The evaluation report emphasised how local area leaders and professionals said the inspections had raised the profile and priority of SEND, which had helped with strategic planning. They, “considered themselves to be more accountable for SEND provision across health, education and social care than they had been previously.” I find it very concerning that it takes the threat or result of an inspection to do this.  Some further quotes from the report:

“Discussions with children and young people and their parents and carers provided valuable insights. But inspectors noted that the limitations of the logistics of the inspection meant that that many parents and carers were unable to participate, for example because of work commitments.”

“Inspectors said that inspection methods, such as case tracking and thematic deep dives, should be explored. These may yield valuable insights into the lived experiences of children and young people.”

“Area leaders and frontline staff also thought that receiving a joint inspection from both Ofsted and the CQC reinforced collective responsibility. We heard that inspections had a pronounced impact in this respect in areas where the partnership had previously not been strong.”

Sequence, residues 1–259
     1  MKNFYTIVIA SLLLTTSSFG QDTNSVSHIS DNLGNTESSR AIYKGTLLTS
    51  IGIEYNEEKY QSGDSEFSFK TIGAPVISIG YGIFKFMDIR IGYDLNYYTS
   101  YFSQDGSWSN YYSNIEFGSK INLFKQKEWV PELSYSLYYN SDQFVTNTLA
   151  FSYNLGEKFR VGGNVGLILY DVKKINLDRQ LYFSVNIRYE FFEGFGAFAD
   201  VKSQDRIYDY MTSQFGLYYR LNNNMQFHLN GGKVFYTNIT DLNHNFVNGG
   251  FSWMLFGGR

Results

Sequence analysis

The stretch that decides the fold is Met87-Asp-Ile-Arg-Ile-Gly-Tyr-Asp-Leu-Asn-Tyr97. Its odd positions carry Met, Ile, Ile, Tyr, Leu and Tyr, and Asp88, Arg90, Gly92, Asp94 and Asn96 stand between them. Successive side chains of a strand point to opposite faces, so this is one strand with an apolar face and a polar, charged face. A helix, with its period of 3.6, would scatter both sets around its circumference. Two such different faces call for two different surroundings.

Professionals said an increased focus on SEND at a strategic level had a knock-on effect on the quality of services. Many thought the quality and coordination of EHCPs had improved as a result. (though this may come as a surprise to many parents) Inspectors described them as a ‘real lever for improvement’ as well as a “catalyst” for access to support and funding from external agencies, including the DfE and NHS England.

We think it’s encouraging that Ofsted & CQC have been transparent about how well they think these SEND inspections are working and where improvements are needed. It's also encouraging that children’s social care is going to be more of a focus in future. It’s really positive that they want to change their inspection processes to shine a brighter light on experiences and outcomes for children and young people with SEND. 

How long does the impact last?

The evaluation clearly points to why a continuing cycle of inspections is needed, with some areas that needed a revist showing too little improvement. In other instances, improvements were knee-jerk rather than strategic and sustainable. 

Areas that didn’t fail their only inspection, “…had no imperative to address the areas for development that inspectors identified,”  because of thinking they weren’t going to be looked at again. Ha, Hertfordshire! Joke’s on you!